The New York-Presbyterian Hospital and the Columbia University Medical Center have agreed to pay the largest-ever HIPAA violation settlement, totaling $4.8 million, in response to a joint data breach report submitted by the affiliated healthcare institutions in 2010.
The Department of Health and Human Services (HHS) Office for Civil Rights (OCR) announced the settlement Wednesday, ending the government agency's investigation of the incident that reportedly exposed the electronic protected health information (ePHI) of 6,800 patients at the two New York-based hospitals.
According to an HHS statement, the incident occurred when a Columbia University physician attempted to deactivate a personally owned computer server that contained ePHI for New York-Presbyterian patients. Due to a "lack of technical safeguards," the deactivated server exposed patients' health records to Internet search engines. The incident went unnoticed until the partner of a deceased New York-Presbyterian patient discovered the information and filed a complaint.
HHS noted that neither hospital had applied the appropriate software controls to ensure the server's security, nor had they conducted a thorough risk analysis to identify all of the systems that accessed ePHI.
"As a result, neither entity had developed an adequate risk management plan that addressed the potential threats and hazards to the security of ePHI," said the HHS statement. "Lastly, [New York-Presbyterian] failed to implement appropriate policies and procedures for authorizing access to its databases, and failed to comply with its own policies on information access management."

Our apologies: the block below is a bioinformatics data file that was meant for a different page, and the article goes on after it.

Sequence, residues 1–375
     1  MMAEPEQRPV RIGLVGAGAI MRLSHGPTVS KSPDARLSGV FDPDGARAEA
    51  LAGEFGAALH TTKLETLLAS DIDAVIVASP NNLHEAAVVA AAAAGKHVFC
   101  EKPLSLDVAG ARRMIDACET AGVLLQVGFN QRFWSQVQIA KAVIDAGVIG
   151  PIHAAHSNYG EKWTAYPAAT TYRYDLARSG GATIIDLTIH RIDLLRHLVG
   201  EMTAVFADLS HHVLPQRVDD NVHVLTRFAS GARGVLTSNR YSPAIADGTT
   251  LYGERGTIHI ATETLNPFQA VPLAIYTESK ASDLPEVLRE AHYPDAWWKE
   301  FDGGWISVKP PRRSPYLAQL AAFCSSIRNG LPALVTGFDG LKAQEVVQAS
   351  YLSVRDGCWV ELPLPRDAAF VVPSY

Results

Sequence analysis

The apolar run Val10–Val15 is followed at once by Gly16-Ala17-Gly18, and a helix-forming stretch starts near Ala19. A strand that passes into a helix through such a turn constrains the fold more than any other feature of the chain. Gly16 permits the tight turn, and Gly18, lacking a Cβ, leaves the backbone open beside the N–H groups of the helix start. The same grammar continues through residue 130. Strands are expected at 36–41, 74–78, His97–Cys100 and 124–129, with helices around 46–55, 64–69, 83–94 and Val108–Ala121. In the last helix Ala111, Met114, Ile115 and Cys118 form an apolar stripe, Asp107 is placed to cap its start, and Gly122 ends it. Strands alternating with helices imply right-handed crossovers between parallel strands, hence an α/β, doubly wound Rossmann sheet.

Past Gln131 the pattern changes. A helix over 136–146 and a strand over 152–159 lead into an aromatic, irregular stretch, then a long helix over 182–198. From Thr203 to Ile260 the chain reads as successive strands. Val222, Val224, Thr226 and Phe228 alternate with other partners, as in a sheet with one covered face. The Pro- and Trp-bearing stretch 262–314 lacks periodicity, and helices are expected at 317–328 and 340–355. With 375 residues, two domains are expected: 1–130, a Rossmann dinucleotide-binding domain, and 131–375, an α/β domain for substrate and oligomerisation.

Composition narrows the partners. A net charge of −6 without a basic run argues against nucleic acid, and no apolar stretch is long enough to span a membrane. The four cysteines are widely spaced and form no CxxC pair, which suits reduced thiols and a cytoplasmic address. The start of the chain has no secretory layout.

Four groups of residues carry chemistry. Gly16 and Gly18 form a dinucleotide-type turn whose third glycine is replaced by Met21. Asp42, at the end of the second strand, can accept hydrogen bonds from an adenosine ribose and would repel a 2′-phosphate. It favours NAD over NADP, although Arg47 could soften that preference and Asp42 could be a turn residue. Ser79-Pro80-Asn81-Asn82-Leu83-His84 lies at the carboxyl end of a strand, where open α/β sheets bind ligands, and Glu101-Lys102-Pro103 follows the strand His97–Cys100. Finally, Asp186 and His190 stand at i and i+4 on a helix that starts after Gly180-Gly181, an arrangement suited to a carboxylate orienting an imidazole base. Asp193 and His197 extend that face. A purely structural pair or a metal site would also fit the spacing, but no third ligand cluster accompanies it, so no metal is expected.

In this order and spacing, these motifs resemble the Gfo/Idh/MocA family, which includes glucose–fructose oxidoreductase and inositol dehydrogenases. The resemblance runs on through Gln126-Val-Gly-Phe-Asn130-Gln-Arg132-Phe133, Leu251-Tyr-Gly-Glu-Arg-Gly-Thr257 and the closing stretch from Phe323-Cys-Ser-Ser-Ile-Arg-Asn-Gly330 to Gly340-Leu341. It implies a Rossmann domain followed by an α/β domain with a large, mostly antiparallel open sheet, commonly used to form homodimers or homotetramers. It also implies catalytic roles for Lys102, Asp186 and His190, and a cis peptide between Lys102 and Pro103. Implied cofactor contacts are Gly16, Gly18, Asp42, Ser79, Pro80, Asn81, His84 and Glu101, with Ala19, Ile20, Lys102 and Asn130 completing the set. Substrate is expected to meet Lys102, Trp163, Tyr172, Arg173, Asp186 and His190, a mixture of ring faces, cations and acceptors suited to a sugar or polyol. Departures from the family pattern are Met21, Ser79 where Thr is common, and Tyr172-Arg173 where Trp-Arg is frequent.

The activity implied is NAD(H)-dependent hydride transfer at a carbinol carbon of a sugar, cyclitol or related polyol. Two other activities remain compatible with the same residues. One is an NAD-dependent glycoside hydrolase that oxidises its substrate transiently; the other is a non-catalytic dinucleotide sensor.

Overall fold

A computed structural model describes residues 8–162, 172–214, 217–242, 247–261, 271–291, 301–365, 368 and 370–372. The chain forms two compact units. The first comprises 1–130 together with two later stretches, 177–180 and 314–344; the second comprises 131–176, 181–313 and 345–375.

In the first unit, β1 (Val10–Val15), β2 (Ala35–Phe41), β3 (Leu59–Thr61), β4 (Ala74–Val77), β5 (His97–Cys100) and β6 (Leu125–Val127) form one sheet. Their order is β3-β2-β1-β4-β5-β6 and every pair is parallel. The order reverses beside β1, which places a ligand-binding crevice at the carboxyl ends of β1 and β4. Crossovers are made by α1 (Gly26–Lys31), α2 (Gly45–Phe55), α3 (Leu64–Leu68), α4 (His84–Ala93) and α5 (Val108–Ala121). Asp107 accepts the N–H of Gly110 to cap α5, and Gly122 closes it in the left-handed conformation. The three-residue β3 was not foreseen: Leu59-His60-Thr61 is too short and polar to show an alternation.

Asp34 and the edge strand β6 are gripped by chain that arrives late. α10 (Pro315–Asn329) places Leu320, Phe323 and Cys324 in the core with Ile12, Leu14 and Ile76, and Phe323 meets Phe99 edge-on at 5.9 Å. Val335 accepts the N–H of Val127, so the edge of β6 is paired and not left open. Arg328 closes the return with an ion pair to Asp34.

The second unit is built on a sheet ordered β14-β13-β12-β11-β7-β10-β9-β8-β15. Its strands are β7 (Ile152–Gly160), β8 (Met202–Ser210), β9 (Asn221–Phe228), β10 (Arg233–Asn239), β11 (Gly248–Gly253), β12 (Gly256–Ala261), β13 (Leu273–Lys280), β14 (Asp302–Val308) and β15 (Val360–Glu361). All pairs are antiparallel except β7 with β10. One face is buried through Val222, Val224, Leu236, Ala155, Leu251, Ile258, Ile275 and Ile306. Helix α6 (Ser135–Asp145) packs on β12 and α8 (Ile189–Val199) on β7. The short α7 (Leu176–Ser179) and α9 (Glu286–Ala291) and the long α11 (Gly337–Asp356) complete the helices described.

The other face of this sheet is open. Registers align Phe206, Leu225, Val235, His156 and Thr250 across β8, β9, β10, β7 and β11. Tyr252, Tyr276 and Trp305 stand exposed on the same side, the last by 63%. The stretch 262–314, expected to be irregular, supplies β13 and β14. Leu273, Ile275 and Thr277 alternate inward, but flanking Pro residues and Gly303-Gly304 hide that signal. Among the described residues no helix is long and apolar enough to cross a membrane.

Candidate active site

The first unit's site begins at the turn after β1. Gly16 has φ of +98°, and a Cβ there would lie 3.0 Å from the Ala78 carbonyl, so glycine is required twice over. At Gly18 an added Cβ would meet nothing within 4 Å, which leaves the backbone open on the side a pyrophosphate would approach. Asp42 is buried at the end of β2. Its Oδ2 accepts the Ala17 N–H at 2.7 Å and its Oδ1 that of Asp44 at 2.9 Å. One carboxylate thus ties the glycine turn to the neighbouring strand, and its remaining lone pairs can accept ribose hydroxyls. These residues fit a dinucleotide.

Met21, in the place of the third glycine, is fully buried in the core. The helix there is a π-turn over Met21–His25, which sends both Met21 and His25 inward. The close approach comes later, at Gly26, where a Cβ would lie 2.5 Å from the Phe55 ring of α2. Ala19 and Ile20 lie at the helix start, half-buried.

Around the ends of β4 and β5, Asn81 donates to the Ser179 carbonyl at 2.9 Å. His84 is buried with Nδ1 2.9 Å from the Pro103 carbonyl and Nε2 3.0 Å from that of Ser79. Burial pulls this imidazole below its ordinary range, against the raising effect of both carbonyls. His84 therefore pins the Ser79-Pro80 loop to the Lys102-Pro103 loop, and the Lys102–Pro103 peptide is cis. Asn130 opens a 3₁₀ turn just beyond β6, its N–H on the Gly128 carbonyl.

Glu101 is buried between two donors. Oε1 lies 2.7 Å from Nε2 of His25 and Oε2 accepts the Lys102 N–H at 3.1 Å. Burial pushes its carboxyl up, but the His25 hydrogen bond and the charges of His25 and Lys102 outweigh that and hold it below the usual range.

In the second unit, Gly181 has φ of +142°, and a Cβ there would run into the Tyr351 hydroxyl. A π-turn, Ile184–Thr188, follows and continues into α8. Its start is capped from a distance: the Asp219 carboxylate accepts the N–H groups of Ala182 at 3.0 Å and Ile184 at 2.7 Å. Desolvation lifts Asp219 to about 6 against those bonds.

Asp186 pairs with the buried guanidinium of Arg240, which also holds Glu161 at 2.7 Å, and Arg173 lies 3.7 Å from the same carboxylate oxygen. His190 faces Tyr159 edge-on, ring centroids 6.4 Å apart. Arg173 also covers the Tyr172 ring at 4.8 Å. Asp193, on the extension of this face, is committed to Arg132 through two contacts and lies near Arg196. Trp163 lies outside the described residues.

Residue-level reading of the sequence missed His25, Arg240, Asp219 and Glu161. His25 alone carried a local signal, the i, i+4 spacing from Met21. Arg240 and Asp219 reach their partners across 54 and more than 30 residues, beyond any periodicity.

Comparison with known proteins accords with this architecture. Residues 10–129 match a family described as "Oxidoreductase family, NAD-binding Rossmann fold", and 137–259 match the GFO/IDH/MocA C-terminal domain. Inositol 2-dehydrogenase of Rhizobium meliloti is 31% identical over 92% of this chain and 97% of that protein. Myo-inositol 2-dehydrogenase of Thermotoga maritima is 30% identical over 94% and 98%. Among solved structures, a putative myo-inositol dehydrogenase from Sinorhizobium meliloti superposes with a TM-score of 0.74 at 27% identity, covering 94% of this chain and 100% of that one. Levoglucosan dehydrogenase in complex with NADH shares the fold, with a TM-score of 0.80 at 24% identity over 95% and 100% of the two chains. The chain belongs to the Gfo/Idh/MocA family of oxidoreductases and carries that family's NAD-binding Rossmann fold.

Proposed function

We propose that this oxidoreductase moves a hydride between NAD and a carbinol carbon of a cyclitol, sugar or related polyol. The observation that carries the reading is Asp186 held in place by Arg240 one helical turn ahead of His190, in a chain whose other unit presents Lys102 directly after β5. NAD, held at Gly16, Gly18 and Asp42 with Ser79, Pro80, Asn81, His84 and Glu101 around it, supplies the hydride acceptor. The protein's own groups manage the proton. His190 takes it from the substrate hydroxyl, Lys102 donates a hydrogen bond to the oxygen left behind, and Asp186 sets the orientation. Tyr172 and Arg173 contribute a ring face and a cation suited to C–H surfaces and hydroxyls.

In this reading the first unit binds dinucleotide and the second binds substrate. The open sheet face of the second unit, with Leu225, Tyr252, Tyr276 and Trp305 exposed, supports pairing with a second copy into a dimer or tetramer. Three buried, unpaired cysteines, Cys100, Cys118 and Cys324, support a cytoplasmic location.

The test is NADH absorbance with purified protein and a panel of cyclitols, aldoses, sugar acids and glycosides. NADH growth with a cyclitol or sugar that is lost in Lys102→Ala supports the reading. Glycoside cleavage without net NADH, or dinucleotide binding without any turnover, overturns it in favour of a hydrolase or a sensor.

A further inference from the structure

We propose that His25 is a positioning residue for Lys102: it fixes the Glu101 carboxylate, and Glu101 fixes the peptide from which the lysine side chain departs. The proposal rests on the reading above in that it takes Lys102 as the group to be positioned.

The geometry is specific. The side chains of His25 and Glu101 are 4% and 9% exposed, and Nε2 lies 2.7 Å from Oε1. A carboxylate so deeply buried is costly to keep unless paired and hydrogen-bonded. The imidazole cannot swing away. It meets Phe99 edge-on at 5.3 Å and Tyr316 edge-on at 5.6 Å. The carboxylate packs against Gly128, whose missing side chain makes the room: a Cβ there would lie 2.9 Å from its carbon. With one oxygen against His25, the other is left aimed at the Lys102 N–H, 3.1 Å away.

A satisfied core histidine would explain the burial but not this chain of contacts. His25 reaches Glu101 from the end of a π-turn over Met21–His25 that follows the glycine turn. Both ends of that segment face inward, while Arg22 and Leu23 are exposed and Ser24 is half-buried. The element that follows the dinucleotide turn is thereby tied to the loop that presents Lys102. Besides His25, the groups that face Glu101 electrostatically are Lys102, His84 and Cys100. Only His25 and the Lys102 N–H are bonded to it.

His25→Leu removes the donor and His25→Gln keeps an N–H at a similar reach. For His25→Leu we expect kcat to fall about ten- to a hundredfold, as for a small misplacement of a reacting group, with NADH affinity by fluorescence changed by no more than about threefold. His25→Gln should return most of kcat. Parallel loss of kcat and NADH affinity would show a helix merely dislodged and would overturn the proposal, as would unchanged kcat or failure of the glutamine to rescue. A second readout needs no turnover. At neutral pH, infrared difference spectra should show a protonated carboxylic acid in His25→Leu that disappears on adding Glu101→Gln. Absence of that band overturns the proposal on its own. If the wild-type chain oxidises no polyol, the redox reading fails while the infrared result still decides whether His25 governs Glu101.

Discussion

As part of the settlement, New York-Presbyterian and Columbia University agreed to implement a number of prescriptive measures under the supervision of HHS officials, including conducting a risk analysis of all systems owned by New York-Presbyterian and its staff within 180 days, developing an organization-wide risk management plan within 90 days of completing its risk analysis, and implementing any HHS-recommended changes to said plan within 60 days.
HIPAA violations have come with increasingly large price tags since the adoption of the HITECH Act in 2009. The $4.8 million fine levied against the two New York hospitals narrowly beats out the former largest HIPAA settlement of $4.3 million dollars, which was assessed against Cignet Health, a Maryland-based provider, in 2011.
"When entities participate in joint compliance arrangements, they share the burden of addressing the risks to protected health information," said Christina Heide, deputy director of health information privacy for OCR. "Our cases against NYP and CU should remind health care organizations of the need to make data security central to how they manage their information systems."